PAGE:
Canyon de Chelly: Arizona’s Best Kept Secret
After living in Arizona for four years back in the day and visiting several times since, I can’t believe that I had never heard of Canyon de Chelly National Monument (canyon de-shay). I suppose it could be because it’s not a National Park – which would seem to command more attention. If it weren’t for the advice of a family member and our travel friend’s brother, I still might not know about this fabulous place. And in speaking to more people since who haven’t visited, I decided this gorgeous place deserved some much-needed attention with a great post.
I returned to the state – for the second time in the same year – on a three-week road-trip last October. I went to gather more information and photographs for a book project that was rolling around in my head, where I could merge my graphic design skills and traveling obsession into a beautiful coffee table book. Check out the Sneak Peek of “THE NATURAL BEAUTY OF ARIZONA” here.
My road trip took me on a scenic drive from Walsenberg, Colorado called the Highway of Legends, where I found a stunning overlook I had visited years before, high in the San Juan National Forest. To read the blog about that fabulous overlook, CLICK HERE.
That scenic drive allowed my entry into Arizona in the far northeast at Four Corners, the only point in the U.S. shared by four states – Arizona, New Mexico, Colorado and Utah. About two hours down the road is Canyon de Chelly – absolutely one of America’s most beautiful monuments – which lies within the boundaries of the Navajo Nation. Millions of years of land upheavals and water sculpting have created its sheer cliffs and Native Americans have lived within its walls for nearly 5,000 years.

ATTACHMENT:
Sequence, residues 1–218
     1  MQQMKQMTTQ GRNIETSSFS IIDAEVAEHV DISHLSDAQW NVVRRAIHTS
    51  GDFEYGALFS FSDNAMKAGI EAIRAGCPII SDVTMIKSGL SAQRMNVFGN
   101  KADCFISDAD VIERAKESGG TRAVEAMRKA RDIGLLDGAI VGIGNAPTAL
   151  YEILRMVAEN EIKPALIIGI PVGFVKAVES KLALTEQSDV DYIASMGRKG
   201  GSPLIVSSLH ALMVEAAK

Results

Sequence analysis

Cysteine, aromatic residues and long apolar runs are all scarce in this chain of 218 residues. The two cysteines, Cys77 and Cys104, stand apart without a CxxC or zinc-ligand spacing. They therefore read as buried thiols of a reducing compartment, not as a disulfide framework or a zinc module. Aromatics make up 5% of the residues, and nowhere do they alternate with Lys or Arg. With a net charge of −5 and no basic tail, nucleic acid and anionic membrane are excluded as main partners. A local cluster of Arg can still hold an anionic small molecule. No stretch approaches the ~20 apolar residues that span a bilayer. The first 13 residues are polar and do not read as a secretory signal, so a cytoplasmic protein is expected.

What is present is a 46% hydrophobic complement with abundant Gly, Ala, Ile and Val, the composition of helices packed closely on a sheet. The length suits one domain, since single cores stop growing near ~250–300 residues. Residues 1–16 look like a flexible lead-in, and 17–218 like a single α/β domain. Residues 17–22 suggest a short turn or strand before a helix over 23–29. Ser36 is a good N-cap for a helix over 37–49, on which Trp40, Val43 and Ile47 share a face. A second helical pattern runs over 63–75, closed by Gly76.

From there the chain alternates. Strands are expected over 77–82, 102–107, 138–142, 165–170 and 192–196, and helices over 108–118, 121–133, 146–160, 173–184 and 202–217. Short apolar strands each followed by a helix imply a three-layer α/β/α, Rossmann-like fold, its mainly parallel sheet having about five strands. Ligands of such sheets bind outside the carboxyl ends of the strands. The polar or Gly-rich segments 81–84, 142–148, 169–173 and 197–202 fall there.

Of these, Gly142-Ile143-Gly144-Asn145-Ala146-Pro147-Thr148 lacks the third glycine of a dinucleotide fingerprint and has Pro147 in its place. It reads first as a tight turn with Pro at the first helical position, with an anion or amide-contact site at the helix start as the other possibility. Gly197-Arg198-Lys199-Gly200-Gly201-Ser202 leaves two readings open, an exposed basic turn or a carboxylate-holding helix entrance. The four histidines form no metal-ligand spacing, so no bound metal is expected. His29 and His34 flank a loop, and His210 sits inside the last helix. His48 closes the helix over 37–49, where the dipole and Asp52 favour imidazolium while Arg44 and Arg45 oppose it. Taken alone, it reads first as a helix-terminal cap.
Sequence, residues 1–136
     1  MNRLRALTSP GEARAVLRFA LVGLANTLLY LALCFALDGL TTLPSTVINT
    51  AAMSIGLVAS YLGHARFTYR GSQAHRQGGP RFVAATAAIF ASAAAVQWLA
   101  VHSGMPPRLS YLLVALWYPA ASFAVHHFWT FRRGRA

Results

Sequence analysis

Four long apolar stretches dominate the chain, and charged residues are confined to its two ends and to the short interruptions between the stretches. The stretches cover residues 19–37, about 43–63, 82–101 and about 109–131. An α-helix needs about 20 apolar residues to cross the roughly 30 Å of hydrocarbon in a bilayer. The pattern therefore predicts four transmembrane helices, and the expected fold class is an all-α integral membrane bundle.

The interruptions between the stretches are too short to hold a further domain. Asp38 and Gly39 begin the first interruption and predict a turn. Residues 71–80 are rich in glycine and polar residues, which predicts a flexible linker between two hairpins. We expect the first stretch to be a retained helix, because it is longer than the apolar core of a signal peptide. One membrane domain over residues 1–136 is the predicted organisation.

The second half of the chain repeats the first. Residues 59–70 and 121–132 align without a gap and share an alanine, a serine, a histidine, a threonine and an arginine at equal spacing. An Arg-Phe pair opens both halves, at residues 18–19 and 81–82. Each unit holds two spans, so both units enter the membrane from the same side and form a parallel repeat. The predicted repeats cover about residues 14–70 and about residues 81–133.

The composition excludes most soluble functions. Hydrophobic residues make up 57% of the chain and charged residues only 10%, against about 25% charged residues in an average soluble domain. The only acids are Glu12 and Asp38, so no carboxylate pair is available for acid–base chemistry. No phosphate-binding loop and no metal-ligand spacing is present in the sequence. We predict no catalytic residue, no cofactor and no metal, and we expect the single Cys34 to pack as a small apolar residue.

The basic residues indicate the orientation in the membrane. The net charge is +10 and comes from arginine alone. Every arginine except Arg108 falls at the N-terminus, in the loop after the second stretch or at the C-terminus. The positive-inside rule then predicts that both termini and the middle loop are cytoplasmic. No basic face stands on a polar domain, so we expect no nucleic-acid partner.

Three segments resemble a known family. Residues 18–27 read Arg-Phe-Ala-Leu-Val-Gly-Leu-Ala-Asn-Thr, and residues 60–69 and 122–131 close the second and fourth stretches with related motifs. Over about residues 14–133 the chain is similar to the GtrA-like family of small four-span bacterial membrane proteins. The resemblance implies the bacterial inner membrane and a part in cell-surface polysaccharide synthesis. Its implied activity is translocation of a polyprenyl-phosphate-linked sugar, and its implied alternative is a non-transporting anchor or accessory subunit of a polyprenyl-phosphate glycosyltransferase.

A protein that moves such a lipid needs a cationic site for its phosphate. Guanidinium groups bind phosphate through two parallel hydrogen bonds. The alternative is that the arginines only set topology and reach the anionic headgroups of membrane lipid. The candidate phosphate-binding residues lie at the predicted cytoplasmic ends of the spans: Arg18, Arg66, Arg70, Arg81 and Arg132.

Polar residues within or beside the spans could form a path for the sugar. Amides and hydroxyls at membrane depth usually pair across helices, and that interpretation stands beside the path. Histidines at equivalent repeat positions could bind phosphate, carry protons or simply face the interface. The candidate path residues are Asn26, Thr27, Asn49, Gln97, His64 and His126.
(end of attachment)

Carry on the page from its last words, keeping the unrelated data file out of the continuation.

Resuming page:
I opted for lodging at Sacred Canyon Lodge, which sits on the site of a trading post built in 1896 and is the only hotel in the Park. Although not glamorous by any means, it was adequate for the time I spent there and close to the canyon. Within walking distance of my room was a restaurant that served some Native American standbys like flat bread and Navajo tacos. That certainly got my attention and right next to that was a great gift shop with beautiful keepsakes and Navajo rugs. This trip was not so much about shopping, so that will wait until my next visit. My husband was quite disappointed that he missed this stop, so I know we’ll be back.
There are vendors at most stops and much of their artwork includes replicas of petroglyphs (symbols carved or scratched into rock) or pictographs (symbols painted on rock) which can be seen on the walls of the Canyon floor. The floor of the Canyon can only be visited on a Jeep tour with a Navajo guide, which enhances the experience of this beautiful place. There you can hear the history and see the ruins, the petroglyphs and some Navajo dwellers who still raise livestock and farm the land. The views of the canyon walls are spectacular from that vantage point.
Standing on the edge of any of the overlooks and gazing at God’s beauty, while breathing in the history and the calming silence, convinced me that I am on the right path to show off a beautiful state to all who are interested. As it states in the guest information book at the Sacred Canyon Lodge “Canyon de Chelly is a sacred place for the Navajo people. Come and experience the beauty, majesty, harmony and history of this place. May your journey be sacred and your visions clear.”
If you love the photo below, you are not alone! This photo won the May 2015 Photo Contest at Arizona.com and I was able to post a blog to their website! Check it out at Arizona.com.